Edan’s Cult ‘Beauty And The Beat’ Is 10: The Story Of A Magical Mystery Tour

The year 2004 was a whole different world. Preppy Kanye pitched up with a backpack and the autotune-free ‘The College Dropout’, Outkast were at their peak with ‘Speakerboxxx/The Love Below’, and The Libertines released their second album and promptly split. Keane, Usher, Kelis, Destiny’s Child, Avril Lavigne, Eamon, Frankee and Terror Squad ruled the charts. The term “wardrobe malfunction” was coined when Janet Jackson’s boob popped out at the Superbowl. Britney married Kevin Federline, Ol’Dirty Bastard passed away. Busted won a Brit. YouTube didn’t even exist. But away from the headline news, an underground scene in Boston was bustling.

At the time of making ‘Beauty And The Beat’, released 10 years ago today, Edan was living in an apartment near Symphony Hall in Boston and hanging out in a scene that included Mr Lif, Acrobatik and Insight. Sales of debut album ‘Primitive Plus’ and money from shows were paying the bills and allowed him the freedom to make his second album without a day job. Edan whiled away over a hot and humid summer for six or so months. Independent hip-hop was selling, records were selling and the music-obsessed 26-year-old was spewing creativity left, right and centre.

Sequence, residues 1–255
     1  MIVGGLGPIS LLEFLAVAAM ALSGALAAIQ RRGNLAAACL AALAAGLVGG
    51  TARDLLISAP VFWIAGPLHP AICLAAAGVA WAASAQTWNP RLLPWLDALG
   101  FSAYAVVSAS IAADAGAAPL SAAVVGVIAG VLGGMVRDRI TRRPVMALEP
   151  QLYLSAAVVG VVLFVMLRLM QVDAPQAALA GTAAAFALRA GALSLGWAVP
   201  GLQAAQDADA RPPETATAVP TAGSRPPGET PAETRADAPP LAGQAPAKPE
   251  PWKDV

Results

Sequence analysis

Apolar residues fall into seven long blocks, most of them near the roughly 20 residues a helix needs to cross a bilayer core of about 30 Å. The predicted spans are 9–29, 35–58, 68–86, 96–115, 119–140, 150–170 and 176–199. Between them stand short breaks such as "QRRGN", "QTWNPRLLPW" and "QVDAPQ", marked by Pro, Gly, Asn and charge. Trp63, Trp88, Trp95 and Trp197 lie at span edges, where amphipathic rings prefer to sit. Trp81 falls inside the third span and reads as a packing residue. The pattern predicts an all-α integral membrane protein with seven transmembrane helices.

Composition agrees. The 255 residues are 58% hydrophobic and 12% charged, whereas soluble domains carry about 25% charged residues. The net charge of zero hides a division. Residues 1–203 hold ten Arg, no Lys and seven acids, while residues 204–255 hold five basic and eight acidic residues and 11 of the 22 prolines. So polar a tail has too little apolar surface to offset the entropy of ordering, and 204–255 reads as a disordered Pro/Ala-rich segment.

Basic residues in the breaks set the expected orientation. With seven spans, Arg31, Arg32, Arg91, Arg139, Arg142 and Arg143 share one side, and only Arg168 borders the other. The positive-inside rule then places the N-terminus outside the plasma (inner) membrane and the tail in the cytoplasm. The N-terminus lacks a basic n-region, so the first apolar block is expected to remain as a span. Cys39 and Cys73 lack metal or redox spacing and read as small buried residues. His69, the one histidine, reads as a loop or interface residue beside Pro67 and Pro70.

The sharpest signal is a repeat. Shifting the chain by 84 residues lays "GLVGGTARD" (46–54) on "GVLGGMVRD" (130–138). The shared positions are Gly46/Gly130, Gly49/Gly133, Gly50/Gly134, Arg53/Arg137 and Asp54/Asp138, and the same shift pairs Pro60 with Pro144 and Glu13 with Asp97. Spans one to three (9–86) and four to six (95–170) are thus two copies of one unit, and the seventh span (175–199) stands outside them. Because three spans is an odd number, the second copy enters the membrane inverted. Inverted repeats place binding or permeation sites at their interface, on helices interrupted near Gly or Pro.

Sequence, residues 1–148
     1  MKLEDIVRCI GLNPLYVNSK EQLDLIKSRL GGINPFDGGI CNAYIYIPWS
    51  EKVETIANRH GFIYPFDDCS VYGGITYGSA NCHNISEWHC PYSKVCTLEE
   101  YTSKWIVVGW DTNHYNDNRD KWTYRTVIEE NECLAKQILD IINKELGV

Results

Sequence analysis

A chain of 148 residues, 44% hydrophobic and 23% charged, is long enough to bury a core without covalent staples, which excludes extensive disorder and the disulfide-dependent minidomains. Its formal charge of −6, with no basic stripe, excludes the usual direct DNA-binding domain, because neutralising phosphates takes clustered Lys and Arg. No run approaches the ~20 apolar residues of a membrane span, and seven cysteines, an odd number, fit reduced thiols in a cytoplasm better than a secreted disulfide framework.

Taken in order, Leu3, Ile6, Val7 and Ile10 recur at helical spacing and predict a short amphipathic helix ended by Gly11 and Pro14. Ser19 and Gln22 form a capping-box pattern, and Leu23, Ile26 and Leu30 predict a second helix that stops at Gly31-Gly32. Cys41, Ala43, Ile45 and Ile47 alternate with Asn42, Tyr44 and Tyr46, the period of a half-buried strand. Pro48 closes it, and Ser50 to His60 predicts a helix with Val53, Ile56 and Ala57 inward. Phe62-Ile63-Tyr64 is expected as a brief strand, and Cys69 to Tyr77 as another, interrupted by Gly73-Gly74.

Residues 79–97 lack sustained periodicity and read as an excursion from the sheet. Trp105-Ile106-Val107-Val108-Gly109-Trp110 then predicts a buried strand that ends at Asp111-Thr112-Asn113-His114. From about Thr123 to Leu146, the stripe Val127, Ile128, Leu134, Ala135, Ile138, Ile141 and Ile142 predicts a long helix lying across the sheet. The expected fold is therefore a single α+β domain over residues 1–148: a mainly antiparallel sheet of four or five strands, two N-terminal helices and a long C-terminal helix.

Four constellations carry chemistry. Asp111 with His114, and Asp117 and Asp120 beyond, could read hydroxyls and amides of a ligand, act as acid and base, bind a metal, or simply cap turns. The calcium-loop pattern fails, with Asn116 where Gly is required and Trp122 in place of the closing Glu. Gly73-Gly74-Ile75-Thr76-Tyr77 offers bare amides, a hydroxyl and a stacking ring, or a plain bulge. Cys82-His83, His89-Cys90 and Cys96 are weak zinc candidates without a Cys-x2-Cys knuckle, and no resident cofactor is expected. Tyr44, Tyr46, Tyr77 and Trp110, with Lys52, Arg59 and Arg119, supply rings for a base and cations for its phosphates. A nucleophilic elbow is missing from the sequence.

Mike Lewis, who started his label Lewis Recordings specifically to release Edan’s ‘Primitive Plus’ in 2002, looks back. “We’d been through a time when there was so much independent hip-hop on a million different labels. That saturation and lack of quality started to have a negative impact. Edan’s rhyming and lyrical skills combined with the psychedelic sound of his production shone out.”

The second album was no disappointment: ‘Beauty And The Beat’ is a ludicrously creative magical mystery tour, showcasing Edan’s talents as beat-maker, rhyme-writer, musician and king of delivery. It’s a blast of tight velocity that clusters around old samples from Brian Wilson to The Small Faces spliced with hip-hop beats and whip-smart rap. He was, in his words, “looking for the funky where the funky wasn’t always quick to reveal itself.”